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TRENDnet's Wireless-N Router Provides 300 Mbps

By - Source: Tom's Hardware US | B 2 comments

Finally, a chunky news nugget not related to CES 2010: the release of TRENDnet's TEW-673GRU Wireless-N router. For $149.99, consumers receive generous wireless speeds of up to 300 Mbps, and Gigabit Ethernet ports for blazing fast wired network connections. The drawback is that the router will be available online only, and won't hit e-tailers until sometime next month.

In addition to the speed, TRENDnet's Wireless-N router uses Concurrent Dual Band Technology, transmitting two distinct wireless networks simultaneously using the 2.4GHz and 5GHz radio frequencies. This means that the user can place "clients" on either network, ideally throwing low-bandwidth clients onto the 2.4 GHz frequency (which also hosts microwaves, Bluetooth, cellular phones, etc) and the high-bandwidth data hogs downloading HD media onto the less congested 5 GHz frequency.

TRENTnet said that the Wireless-N router also utilizes a Multiple Input Multiple OutputĀ  (MIMO) antenna technology that supposedly reduces those annoying wireless "dead spots" that plagues many routers. There's also the WMM Quality of Service (QoS) technology that can prioritize gaming, Internet calls, and video streams... a handy feature for those who need every inch of the bandwidth pipeline.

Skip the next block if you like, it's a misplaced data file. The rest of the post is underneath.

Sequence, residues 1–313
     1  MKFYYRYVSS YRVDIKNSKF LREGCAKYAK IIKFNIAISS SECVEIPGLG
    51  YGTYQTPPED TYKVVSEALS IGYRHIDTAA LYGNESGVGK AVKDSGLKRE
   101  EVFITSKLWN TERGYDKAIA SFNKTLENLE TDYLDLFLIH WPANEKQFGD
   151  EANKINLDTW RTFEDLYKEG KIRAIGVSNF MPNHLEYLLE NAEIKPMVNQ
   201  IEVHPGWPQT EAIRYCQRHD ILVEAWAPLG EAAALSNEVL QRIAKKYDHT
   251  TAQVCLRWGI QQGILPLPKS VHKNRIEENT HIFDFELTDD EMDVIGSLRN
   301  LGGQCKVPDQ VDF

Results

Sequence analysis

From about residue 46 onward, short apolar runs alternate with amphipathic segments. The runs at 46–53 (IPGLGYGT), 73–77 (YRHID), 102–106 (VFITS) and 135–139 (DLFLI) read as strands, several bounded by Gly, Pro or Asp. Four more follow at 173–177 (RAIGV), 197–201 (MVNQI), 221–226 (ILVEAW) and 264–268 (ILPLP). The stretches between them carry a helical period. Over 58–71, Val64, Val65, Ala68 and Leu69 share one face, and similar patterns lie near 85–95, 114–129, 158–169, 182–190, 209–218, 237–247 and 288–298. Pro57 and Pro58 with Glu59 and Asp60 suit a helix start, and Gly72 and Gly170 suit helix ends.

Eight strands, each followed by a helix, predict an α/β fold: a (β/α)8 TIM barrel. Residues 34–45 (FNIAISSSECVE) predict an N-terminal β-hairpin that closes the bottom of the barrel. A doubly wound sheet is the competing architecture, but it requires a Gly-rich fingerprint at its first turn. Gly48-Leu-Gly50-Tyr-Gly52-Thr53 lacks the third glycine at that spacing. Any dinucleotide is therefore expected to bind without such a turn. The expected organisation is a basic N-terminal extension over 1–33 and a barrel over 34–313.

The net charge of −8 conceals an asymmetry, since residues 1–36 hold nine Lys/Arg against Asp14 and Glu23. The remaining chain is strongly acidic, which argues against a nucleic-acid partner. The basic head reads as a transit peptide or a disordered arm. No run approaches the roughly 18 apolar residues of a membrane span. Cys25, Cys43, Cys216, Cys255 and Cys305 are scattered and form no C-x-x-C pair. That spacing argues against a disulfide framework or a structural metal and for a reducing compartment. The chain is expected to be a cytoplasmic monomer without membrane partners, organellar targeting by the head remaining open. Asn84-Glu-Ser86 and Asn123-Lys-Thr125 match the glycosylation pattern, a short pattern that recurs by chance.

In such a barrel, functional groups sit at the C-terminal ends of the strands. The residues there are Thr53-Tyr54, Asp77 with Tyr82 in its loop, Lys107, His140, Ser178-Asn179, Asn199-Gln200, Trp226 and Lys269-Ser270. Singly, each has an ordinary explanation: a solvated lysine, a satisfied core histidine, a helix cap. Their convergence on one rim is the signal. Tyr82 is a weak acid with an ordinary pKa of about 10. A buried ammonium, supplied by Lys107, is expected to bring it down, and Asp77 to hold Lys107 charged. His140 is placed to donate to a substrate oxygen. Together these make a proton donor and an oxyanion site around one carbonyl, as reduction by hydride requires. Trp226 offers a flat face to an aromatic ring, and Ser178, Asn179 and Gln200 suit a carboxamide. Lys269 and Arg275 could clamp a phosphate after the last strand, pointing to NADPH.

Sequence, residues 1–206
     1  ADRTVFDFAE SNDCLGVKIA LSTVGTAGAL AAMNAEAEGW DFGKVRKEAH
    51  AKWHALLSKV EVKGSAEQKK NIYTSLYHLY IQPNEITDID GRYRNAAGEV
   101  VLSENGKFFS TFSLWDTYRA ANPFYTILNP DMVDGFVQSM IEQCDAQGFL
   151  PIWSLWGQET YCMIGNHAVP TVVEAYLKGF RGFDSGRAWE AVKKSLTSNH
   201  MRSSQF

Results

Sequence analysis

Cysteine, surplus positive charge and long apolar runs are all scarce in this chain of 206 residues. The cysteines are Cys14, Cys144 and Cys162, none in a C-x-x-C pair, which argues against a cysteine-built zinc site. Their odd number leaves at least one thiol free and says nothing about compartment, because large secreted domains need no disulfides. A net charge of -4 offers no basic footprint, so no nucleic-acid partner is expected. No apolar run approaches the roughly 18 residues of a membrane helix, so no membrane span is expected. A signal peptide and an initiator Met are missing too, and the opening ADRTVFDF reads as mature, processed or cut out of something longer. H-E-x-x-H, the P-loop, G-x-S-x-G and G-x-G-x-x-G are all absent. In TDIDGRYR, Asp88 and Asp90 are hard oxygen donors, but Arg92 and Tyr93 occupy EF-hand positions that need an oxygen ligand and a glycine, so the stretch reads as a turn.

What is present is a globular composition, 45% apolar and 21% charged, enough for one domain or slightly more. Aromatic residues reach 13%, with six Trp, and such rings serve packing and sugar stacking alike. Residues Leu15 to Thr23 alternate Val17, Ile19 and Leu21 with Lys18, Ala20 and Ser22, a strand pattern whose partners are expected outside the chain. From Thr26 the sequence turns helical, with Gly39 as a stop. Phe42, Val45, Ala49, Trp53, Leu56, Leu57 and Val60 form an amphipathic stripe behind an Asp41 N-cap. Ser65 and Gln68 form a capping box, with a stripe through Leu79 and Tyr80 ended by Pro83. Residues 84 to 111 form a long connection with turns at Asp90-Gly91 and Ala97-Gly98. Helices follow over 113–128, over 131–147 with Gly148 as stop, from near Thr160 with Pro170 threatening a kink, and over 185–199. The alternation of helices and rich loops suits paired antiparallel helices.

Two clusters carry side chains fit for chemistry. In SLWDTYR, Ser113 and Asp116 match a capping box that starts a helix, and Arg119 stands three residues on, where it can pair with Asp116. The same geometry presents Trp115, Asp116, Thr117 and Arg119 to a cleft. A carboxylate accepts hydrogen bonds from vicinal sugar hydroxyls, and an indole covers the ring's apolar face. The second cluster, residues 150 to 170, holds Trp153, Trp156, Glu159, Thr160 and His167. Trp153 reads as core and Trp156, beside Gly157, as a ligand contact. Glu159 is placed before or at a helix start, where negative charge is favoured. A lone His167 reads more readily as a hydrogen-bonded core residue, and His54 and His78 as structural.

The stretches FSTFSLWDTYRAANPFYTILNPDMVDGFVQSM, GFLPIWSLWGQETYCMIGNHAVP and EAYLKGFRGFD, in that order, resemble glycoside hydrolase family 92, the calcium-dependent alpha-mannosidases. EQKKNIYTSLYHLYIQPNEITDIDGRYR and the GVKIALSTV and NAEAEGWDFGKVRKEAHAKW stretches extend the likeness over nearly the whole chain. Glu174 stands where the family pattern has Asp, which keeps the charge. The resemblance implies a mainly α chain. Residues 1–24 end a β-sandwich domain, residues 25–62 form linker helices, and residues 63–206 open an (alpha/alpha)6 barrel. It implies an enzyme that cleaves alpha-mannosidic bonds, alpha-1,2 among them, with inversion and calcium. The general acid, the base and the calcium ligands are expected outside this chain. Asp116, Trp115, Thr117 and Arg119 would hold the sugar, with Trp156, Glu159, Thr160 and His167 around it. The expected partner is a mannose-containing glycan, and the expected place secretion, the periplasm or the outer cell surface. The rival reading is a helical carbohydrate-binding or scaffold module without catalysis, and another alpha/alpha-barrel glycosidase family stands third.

Additionally, the TEW-673GRU provides two local USB 2.0 ports, allowing users to connect flash drives, printers, and external HDDs directly to the router for network sharing. The router's embedded power saving GREENnet technology also reduces port-based power consumption by up to 70-percent.

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    abhishekshinde , 10 January 2010 01:39
    Fantastic!

    Can USB hubs be used with these two ports? Then two HDs can be hooked up in a ghetto RAID configuration while still allowing a network printer to be installed.
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    Dr_M0rph3us , 12 January 2010 18:37
    This router seems to be direct competitor to the Cisco WRT610N model, which has very similar specs, features and price, but has been available for some time now. So this router is no new technology, and wireless-n has been around for some time.

    *grins* When can we expect routers to also have an eSATA port too?